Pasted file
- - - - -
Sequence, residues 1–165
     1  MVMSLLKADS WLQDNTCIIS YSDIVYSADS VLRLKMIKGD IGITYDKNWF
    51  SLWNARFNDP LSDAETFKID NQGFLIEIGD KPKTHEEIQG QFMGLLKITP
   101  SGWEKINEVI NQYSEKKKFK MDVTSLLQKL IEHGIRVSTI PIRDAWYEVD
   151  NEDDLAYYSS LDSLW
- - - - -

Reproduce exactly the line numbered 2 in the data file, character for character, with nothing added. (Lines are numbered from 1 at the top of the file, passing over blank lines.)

     1  MVMSLLKADS WLQDNTCIIS YSDIVYSADS VLRLKMIKGD IGITYDKNWF